Girl's Names, La La Vasquez
Brighton's all-girl art-garage trio La La Vasquez peddle a brilliant approximation of the 'Nuggets' sound (legendary garage rock compilation). In true Sixties proto-punk style, between the spooked chants and tambourine heartbeats there's a naivety that can't contain their impetuousness and an undercurrent of forbidden teen-lust that would blanche a Shangri La. It's dumb and dangerous, free-spirited and a little sassy. Before long it's 1967 and we're being shaken down for our cola-change by girl truants at a desert-town Dairy Queen.
Like Belfast's Girls Names, it's a sweetly inchoate sound with the dynamics remedial, the drums lean and tribal (neither band use a hi-hat) and the guitar clean but languorous; its crying out for a spoken-word interlude, something like: "You broke my heart/ so I slashed your tires". As well as looking the part, the subject matter perfectly pastiches the prevailing sights and sounds of Sixties garage - the influence of California's Mexican influx, flirtations with Middle-Eastern sounds and of course tales of the odd rumble, with 'Clare Savage' re-imagining Freya Vasquez's brawl with a Mika Miko fan as a Tarantino Luau out. The prettiest flowers are the deadliest.
Of course the 'sex = death' equation is the centrifugal force at the heart of all good Sixties beat-pop and it's what floods the milkshake punk stylings of top-billers Girls Names (newly accommodating of bassist 'Caire Bear'). As drummer 'Neel Peel' concedes - it doesn't get more complicated than 'Love - Heartbreak - Death'. Like LLV, New York's lo-fi label Captured Tracks is putting their home-recorded sound out, which is oneiric, spectral, always cute and never remiss of churning a good pop melody, with bottomless reverb acting as the salt-water conductor in a séance with dead youth, their souls forever trapped in monochrome Polaroids. It's a kind off surfer noir, narrated by Cathal T Cully's brackish murmurings that haunt the local breakpoints while a tremolo'd, trebly guitar rakes your exposed skin like glassy waves breaking on black sand. All the while, Peel is bludgeoning his sweetheart to death with a long-board below Venice Beach pier. Because they're also enamored with the 'messthetic' tradition spanning Beat Happening and Cocteau Twins, to the Postcard bands and onto the millennial twee revival, it's a more heartsick, nymphish (if faster tempo-ed) affair than conjured by the sultry Vasquez femmes and their tequila-soaked brand of profane lilting.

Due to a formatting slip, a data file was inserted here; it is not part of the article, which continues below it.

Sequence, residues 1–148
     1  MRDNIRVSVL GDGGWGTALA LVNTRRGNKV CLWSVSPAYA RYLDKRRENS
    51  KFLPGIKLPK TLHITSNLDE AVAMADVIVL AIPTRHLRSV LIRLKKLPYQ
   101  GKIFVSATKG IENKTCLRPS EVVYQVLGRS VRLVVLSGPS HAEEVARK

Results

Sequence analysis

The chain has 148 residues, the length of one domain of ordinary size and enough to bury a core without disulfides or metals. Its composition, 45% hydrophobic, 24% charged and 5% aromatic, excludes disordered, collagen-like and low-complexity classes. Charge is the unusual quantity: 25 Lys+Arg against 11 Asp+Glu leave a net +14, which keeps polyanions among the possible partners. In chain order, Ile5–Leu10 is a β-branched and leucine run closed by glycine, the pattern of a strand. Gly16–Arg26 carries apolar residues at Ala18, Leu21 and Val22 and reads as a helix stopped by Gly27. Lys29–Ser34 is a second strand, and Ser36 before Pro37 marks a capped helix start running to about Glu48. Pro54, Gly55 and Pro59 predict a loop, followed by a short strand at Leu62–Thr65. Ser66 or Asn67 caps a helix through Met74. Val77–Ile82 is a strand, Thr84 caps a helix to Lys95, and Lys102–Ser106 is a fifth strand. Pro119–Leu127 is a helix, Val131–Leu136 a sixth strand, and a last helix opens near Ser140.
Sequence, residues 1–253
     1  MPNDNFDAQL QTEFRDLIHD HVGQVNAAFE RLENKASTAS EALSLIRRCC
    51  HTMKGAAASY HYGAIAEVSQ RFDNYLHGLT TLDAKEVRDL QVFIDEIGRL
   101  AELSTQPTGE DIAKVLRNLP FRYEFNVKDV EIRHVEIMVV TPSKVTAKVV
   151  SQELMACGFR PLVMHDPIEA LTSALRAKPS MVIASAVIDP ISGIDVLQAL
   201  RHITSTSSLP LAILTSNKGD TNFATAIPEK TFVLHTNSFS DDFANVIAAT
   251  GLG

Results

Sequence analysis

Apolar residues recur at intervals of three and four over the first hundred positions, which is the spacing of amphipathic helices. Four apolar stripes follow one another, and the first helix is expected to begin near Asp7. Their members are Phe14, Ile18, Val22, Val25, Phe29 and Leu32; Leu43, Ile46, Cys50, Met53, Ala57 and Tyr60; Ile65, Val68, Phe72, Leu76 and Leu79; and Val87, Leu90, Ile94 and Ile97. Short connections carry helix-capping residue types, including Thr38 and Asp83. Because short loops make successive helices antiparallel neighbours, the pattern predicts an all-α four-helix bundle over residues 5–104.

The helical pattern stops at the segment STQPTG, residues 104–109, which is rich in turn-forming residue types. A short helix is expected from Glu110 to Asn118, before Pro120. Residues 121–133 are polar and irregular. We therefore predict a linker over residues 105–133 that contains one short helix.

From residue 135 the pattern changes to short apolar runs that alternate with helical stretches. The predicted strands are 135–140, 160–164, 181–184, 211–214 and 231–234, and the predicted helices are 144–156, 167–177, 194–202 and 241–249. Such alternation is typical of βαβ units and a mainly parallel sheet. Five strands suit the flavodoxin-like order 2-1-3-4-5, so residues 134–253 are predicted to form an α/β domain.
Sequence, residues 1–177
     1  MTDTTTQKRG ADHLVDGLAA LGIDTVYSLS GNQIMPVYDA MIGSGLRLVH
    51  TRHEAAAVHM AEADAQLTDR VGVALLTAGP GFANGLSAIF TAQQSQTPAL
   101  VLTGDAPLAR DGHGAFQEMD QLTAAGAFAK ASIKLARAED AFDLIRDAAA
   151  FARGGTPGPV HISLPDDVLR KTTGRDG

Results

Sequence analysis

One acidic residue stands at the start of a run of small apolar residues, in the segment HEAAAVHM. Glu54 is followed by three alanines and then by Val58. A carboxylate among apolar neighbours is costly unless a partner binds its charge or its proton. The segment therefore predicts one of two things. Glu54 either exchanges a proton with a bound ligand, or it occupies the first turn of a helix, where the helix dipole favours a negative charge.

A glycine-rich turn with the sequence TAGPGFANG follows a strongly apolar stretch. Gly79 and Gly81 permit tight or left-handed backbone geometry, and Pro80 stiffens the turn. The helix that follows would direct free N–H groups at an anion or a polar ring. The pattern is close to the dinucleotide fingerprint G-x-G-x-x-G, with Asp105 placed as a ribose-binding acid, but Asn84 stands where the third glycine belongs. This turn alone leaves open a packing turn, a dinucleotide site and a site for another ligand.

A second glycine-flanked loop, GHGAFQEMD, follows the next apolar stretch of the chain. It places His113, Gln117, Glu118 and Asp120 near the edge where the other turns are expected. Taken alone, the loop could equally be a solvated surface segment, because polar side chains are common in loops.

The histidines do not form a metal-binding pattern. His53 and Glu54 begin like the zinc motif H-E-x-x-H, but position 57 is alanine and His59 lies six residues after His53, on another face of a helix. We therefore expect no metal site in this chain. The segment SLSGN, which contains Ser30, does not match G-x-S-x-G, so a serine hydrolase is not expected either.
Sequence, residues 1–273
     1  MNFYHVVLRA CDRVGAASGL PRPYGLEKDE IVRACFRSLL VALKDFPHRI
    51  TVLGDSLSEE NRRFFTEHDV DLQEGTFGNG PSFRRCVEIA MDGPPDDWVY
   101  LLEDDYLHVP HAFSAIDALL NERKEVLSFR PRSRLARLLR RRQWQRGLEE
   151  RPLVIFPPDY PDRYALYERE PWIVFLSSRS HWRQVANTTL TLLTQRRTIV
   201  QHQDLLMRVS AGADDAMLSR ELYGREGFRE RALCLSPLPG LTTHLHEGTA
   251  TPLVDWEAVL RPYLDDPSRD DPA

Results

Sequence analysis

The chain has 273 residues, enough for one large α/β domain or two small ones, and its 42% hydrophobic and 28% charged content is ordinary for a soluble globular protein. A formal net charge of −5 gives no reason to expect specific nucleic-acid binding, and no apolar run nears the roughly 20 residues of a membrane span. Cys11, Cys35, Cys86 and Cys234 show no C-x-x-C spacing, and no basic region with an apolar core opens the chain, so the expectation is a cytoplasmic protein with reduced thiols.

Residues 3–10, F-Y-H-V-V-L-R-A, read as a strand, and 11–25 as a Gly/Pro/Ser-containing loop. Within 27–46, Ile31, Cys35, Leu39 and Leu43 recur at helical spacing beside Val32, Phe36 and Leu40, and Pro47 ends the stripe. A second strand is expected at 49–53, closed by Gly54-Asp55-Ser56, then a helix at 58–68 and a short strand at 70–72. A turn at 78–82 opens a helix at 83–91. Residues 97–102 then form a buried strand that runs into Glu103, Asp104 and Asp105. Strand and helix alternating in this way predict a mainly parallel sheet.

So, we know they have aesthetic. The presentation is immaculate; the most perfect configuration of genre signifiers and pop-cultural iconography hitherto evoked by any Northern Irish band in recent memory. It's a timely blow for local art-rock at a time when our pop bands are primed to dent the charts for the first time since the mid-Nineties. What's clear from tonight's set though is that they also have the tunes, in abundance, chief amongst them being single 'Graveyard' which recalls an abbreviated version of Beat Happening's 'Godsend', and is every bit as radiant.